Aleo is a social meal, but intimate: It is considered one of the "private" meals, meaning that one so able will customarily take aleo in their own home. Indoor clothes are worn, and the only dining mates will consist of others already present in the house. The meal is highly conversational in spirit: After the customary prayers, personal conversation usually dominates, including discussions of the day's agenda, the recounting of dreams, reflections upon intellectual or emotional preoccupations or elations, and other recreational chitchat.

There are two noteworthy subcultures in Soda Fountain who subvert the aleo to reflect a set of altered values: A society of ascetics who call themselves the folden consider it fashionable to eschew aleo in favor of tea, and speedily commencing the day's labors. Conversely, by way of foreign influence from societies in the southeastern Sodaplains, those who wish to gain weight (usually for beautification purposes) typically eat heavily at aleo, and in that context aleo is considered one of the three "glutton's meals."

In the languages of Soda Fountain, aleo is the word for the evaporation of darkness (i.e., the process of morning twilight proceeding from gloaming to sunrise; our closest word for describing twilight as an active process is daybreak). For much of the year, it is typical (though not universal) in Soda Fountain to wake up very early, while it is still dark, so as to take advantage of the milder temperatures around dawn, and so aleo is often eaten during the early twilight murk.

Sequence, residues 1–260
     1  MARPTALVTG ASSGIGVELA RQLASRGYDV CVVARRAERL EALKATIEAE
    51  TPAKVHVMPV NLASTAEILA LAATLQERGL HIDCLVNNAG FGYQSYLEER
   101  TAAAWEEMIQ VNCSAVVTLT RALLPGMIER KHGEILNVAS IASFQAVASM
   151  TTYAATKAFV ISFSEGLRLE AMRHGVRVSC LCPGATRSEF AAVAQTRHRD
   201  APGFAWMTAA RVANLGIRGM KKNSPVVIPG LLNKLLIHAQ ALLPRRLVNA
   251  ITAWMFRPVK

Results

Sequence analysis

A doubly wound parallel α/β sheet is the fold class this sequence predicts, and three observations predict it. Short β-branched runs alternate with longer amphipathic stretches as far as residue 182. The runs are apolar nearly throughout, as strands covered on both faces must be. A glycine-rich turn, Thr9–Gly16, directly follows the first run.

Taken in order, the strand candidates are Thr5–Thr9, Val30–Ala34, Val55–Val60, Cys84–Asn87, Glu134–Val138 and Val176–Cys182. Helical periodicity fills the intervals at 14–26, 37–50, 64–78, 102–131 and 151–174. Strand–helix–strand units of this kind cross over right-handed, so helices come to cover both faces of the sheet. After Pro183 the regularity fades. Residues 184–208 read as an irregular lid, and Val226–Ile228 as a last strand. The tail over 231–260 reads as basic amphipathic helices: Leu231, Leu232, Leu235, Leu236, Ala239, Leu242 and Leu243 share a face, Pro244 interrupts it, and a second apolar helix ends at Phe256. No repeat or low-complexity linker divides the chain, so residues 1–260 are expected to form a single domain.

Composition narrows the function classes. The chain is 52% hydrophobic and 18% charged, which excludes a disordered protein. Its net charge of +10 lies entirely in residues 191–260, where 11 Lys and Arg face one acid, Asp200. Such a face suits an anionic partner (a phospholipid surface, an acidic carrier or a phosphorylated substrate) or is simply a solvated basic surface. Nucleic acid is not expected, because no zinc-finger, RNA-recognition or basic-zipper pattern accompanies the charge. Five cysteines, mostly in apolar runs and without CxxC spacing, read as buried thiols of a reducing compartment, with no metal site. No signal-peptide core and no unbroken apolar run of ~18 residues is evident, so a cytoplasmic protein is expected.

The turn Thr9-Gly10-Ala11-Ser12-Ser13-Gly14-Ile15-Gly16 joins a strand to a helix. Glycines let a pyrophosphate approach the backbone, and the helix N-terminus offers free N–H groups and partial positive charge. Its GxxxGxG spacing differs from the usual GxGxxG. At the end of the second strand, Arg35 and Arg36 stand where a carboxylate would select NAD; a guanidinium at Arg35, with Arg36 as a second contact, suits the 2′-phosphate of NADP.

Aleo Rishpetl

Aleo rishpetl is a supplement or variant to aleo. The key distinction is that it is considered an "out" meal (rather than a "private" one), meaning that one has dressed for the day and will be prepared for "out and about" social encounters. Indeed, aleo rishpetl typically is taken out of the home, at restaurants, siphouses, or street carts. It can be either a hot or cold meal. Some people take both aleo and aleo rishpetl, consecutively, as a meal with two parts, with the metaphorical value of making one's daily debut from slumber and privacy to the social sphere. This is particularly popular on days of rest and holidays, where people will dine together at home, then go out and dine further.

More often, however, aleo rishpetl is for those who have to get to the day's labors right away and don't have time for the leisure of aleo at home. This is especially common in the peak of summer, when the day's heat becomes oppressive soon after sunrise. As you can imagine, aleo rishpetl is sometimes taken at home in these circumstances, with a bite of bread of whatever else, but generally people eat out.

Aleo rishpetl is one of the most fluid meals of the day in terms of what is traditionally eaten. As befits a meal of such pragmatism, typically one will eat whatever they want: cold or hot, sweet or savory, much or little. On the whole the fare tends to be less rich than aleo, with carbohydrates being more prominent and fats and spices less so, and the quantities of food tend to be greater and more filling.

Rishpetl means "[balancing] on the arm," a reference to carrying vats or baskets. The most meaningful English interpretive translation would be "on the go."

Tune in Next Week

There's your appetizer. Next week comes the main course, with the remaining six meals. Until then, may you too find new meal experiences outside of breakfast, lunch, and dinner.